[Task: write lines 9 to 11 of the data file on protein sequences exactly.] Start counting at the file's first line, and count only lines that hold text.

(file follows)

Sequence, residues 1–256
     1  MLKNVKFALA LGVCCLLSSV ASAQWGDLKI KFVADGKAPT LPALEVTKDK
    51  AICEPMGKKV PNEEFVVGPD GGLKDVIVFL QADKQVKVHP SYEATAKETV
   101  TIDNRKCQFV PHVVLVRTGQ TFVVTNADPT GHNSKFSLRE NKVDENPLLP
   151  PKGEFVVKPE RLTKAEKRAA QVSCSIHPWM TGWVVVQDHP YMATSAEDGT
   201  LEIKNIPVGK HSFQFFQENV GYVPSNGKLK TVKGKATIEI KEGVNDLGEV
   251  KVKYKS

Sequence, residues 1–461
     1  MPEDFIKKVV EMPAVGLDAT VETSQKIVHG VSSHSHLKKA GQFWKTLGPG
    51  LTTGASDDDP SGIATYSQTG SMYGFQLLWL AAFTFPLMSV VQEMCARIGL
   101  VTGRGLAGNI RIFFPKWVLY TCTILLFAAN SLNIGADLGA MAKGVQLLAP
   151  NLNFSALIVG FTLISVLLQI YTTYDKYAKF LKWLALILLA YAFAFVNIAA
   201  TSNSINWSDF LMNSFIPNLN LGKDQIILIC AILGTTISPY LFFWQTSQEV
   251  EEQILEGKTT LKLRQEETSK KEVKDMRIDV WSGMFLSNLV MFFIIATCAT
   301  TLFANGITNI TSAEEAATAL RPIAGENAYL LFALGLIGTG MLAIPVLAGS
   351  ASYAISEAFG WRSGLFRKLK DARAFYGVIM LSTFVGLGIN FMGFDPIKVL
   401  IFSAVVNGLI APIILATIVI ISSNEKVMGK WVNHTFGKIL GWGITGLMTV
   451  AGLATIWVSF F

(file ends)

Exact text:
     1  MPEDFIKKVV EMPAVGLDAT VETSQKIVHG VSSHSHLKKA GQFWKTLGPG
    51  LTTGASDDDP SGIATYSQTG SMYGFQLLWL AAFTFPLMSV VQEMCARIGL
   101  VTGRGLAGNI RIFFPKWVLY TCTILLFAAN SLNIGADLGA MAKGVQLLAP